delanceyplace.com 07/21/06 - chopin and poland

In today's excerpt - Frederic Chopin and his native Poland:

"At around two in the morning on 17 October 1849, Chopin died of consumption in an apartment in the Place Vendome, that most elegant 18th-century square in Paris. It is almost exactly opposite the hotel where, about 150 years later, Diana, Princess of Wales set out to her death; today, Chopin's plaque can be seen above a very smart jeweller's shop.

"... [He] had been born less than 40 years earlier, in a village near Warsaw. ... The Poland into which Chopin was born, and for which he became a symbol, had long been an unhappy place. For centuries, its borders with Muscovy and the fiefdoms of the Ottoman Empire seem to have been permanently elastic. In seeking their disparate aims, thugs with Romantic names like Boleslaw and Casimir, and their supporters hacked each other to bits. Some of the worst were that ferocious combination of grail and sword known as the Teutonic Knights. Then, two centuries after the Knights ceased to be an active force, the Swedes and Russians inflicted damage on Poland as serious as that experienced by Germany in the Thirty Years War. ...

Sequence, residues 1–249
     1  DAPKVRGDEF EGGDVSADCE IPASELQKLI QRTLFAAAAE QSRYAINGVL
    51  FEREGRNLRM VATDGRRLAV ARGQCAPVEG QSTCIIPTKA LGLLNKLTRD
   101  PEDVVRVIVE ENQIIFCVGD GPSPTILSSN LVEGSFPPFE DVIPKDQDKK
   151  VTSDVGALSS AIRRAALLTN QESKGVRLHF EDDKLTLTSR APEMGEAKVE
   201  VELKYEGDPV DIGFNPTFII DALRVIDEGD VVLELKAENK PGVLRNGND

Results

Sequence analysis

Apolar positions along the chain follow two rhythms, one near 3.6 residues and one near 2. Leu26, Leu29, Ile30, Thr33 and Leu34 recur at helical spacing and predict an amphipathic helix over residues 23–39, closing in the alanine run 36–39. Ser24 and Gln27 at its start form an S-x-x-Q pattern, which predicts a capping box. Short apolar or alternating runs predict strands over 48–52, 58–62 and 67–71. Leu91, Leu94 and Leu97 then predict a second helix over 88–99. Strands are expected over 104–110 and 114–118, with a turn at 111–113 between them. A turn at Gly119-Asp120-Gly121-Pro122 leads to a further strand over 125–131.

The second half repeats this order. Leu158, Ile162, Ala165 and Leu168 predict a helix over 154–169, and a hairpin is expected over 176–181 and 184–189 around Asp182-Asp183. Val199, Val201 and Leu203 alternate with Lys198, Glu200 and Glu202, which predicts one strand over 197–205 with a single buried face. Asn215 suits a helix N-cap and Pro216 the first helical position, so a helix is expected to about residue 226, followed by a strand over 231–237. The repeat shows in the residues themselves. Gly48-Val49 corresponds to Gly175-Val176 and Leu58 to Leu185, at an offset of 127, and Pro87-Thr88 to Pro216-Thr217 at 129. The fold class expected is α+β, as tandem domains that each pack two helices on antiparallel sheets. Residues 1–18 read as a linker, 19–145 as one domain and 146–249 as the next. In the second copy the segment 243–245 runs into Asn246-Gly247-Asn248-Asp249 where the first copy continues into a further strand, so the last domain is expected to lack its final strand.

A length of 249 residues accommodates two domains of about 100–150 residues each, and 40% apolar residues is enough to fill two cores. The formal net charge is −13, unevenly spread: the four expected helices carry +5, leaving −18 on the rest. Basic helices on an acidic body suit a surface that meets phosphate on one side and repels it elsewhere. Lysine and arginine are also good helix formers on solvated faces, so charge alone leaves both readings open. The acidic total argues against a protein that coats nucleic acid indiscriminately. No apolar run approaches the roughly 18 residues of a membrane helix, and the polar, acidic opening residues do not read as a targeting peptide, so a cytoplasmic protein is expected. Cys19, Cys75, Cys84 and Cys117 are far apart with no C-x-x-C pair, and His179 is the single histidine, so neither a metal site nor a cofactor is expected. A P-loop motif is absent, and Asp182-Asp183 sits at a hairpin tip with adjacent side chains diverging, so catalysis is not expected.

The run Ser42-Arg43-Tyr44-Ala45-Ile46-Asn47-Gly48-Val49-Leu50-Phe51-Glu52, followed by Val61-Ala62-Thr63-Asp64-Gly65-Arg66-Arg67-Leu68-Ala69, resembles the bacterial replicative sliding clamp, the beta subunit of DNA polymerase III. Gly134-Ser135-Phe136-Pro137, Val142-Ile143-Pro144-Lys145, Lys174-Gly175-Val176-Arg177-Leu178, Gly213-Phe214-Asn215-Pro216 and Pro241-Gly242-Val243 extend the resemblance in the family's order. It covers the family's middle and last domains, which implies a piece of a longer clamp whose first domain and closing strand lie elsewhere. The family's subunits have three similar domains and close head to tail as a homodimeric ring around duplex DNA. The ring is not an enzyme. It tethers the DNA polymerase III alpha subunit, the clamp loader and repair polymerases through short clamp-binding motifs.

"The Poles have certainly claimed Chopin as embodying the nationalism of the Polish people, although very few of his works actually contain an identifiable folk tune. Some claim that 'the Polish blood throbs with particular vigour in his warlike polonaises, whose boldly arching melodies are of bent steel', and yet others have found evidence of him making political statements through his music, whatever this may mean. ... Poland and its woes certainly stimulated his imagination; but it seems fair to say that, 'Polish music owes to him something more and something greater than he does to Polish music'. The Poles, when their national identity had been obliterated, rallied around his music; he became a focus for their nationalism."


author:

Michael Steen

title:

The Lives and Times of the Great Composers

publisher:

Oxford University Press

date:

Copyright 2003, 2010 Michael Steen

pages:

363-368
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